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Clashes break out at Jaffa protests following assault on yeshiva rabbi

3 Arab Israeli men arrested by police after fireworks and rocks launched at forces separating rival demonstrations; 2 officers injured

Clashes between Arab Israeli protesters and police in Jaffa, April 18, 2021. (Screen capture: Ynet)
Clashes between Arab Israeli protesters and police in Jaffa, April 18, 2021. (Screen capture: Ynet)

Three Arab Israeli men were arrested Sunday night, police said, as clashes broke out in Jaffa at rival protests following a violent assault on a yeshiva head who lives in the mixed Jewish-Arab district of Tel Aviv.

Rabbi Eliyahu Mali was violently attacked Sunday morning in an apparent hate crime while seeking to purchase an apartment to house his Shirat Moshe Hesder Yeshiva. Two suspects were later arrested.

In response to the incident, a protest of predominantly religious Jews took place near the site of the attack Sunday evening, denouncing violence against Jews in the city.

At the same time, a counter-protest of local Arab Israelis formed across the street from the Jewish protest, chanting “Settlers, go home.”

With cops forming a human barrier between the two protests, they came under attack from rocks and fireworks hurled in their direction, police said in a statement.

Clashes between Arab Israeli protesters and police in Jaffa, April 18, 2021. (Screen capture: Ynet)

Footage of the incident showed the fireworks coming from the direction of the Arab Israeli protest.

Two police officers suffered light injuries, police said.

In the incident early Sunday, Mali and his colleague were assaulted as they went to a building in Jaffa to view the property. The two were surrounded by Arab residents of the area, who began to yell at them and order them to leave. When they refused and began filming the incident, the suspects began beating Mali and his colleague.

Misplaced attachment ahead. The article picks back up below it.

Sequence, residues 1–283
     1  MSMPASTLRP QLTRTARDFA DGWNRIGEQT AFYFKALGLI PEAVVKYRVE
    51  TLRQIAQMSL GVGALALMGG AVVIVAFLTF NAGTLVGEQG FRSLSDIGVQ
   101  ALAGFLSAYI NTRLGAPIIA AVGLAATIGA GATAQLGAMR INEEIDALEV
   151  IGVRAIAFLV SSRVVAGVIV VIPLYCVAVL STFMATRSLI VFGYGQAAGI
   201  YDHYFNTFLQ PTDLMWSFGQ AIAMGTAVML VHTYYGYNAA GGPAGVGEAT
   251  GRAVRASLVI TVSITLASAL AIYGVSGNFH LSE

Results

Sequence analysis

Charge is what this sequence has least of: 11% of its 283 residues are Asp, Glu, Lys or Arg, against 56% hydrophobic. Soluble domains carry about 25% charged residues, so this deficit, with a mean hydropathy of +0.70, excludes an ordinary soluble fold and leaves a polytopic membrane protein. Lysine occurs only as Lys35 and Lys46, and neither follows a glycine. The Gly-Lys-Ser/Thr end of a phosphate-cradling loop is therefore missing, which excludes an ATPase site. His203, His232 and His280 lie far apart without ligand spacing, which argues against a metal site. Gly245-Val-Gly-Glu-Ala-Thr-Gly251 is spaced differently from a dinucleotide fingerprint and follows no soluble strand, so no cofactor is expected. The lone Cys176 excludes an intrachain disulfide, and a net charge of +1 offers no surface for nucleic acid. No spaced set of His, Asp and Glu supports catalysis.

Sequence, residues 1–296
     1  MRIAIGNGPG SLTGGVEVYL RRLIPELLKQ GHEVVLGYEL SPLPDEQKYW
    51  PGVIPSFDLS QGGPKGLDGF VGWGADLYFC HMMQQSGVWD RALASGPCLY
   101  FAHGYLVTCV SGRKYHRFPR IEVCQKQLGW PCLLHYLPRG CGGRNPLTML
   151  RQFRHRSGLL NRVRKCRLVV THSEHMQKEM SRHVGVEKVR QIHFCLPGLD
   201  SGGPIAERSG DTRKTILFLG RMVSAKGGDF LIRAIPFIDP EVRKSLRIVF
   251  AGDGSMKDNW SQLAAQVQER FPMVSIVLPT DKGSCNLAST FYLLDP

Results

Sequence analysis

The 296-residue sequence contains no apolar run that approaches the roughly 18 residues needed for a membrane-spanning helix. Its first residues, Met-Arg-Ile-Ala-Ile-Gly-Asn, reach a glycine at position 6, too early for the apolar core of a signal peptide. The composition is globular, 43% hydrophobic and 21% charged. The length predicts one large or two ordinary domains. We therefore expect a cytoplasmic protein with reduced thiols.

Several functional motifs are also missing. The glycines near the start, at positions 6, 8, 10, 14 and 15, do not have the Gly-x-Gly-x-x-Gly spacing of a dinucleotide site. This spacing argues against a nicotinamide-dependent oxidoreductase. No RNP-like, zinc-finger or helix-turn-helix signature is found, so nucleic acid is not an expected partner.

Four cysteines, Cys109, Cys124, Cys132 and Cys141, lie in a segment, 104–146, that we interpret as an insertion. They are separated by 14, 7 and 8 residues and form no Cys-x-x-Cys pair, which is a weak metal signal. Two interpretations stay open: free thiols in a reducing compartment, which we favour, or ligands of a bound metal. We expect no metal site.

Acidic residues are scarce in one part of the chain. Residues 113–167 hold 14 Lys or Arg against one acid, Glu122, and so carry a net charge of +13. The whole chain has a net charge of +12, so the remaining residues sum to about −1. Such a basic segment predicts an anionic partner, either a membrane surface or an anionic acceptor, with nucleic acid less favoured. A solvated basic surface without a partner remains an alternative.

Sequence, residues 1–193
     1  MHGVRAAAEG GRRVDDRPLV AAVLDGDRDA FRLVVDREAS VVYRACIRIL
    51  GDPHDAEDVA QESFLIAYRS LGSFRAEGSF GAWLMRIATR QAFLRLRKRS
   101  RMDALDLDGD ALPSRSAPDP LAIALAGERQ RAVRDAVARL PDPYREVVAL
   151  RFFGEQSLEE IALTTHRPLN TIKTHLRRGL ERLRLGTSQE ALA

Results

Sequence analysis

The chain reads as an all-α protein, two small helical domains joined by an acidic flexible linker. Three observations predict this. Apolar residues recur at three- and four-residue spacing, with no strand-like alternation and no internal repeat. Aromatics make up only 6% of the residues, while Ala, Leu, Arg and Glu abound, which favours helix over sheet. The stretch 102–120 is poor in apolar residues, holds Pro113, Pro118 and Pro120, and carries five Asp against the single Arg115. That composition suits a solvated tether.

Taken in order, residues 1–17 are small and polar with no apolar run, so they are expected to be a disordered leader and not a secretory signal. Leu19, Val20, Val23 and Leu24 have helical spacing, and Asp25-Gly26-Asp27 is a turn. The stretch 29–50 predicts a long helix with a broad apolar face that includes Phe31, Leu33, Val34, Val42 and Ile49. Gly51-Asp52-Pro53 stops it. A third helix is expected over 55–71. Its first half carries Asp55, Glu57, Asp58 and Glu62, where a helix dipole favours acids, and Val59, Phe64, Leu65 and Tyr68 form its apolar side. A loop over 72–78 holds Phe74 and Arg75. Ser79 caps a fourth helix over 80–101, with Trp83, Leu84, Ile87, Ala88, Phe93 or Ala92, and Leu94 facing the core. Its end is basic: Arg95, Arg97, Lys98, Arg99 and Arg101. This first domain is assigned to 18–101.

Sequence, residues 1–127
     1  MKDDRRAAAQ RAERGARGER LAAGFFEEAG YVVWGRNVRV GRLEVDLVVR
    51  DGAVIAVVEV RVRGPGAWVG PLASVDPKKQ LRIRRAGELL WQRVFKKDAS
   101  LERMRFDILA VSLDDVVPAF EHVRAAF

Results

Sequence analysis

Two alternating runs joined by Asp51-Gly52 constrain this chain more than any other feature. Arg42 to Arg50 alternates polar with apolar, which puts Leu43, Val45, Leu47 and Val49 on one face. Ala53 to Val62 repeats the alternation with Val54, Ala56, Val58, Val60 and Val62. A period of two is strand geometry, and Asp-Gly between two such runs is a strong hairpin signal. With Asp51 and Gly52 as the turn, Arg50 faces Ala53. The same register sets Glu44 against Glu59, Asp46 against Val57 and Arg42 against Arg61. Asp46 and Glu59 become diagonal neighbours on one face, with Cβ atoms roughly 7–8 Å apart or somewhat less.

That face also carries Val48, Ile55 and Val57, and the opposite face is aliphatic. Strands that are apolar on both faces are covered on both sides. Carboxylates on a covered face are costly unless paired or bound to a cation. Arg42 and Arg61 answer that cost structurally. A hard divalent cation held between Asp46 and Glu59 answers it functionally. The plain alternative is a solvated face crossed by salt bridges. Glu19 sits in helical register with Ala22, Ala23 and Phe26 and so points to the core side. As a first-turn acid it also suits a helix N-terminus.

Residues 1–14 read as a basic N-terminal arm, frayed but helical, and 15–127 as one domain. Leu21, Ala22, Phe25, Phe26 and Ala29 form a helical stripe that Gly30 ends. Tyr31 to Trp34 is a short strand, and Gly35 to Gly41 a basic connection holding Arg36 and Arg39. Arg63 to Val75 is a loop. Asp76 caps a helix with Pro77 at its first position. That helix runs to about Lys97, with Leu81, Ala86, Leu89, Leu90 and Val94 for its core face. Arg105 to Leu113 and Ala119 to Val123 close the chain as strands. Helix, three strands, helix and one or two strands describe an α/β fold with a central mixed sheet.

Photos posted online showed the rabbi, in his sixties, being kicked to the ground.

Two residents of Jaffa filmed beating Rabbi Eliyahu Mali on April 18, 2021. (Courtesy)

Prime Minister Benjamin Netanyahu denounced the “violent attack” and urged law enforcement to swiftly bring the assailants to justice.

Right-wing lawmakers also strongly condemned the attack, calling it anti-Semitic.

“The State of Israel is not a shtetl in which Jews can be harmed,” Yamina party leader Naftali Bennett tweeted, referring to the Jewish hamlets of Eastern Europe. “The severe and overt violence against Rabbi Eliyahu Mali, the head of the hesder yeshiva in Jaffa, is a… national disgrace.”

Jerusalem Affairs Minister Rafi Peretz described the incident as “chilling” and urged police to bring the attackers to justice.

Jaffa, which has now been incorporated into Tel Aviv, is traditionally Arab, but recent years have seen many Jewish residents move in, drawn by new luxury housing developments. This gentrification has fueled tensions in the city.

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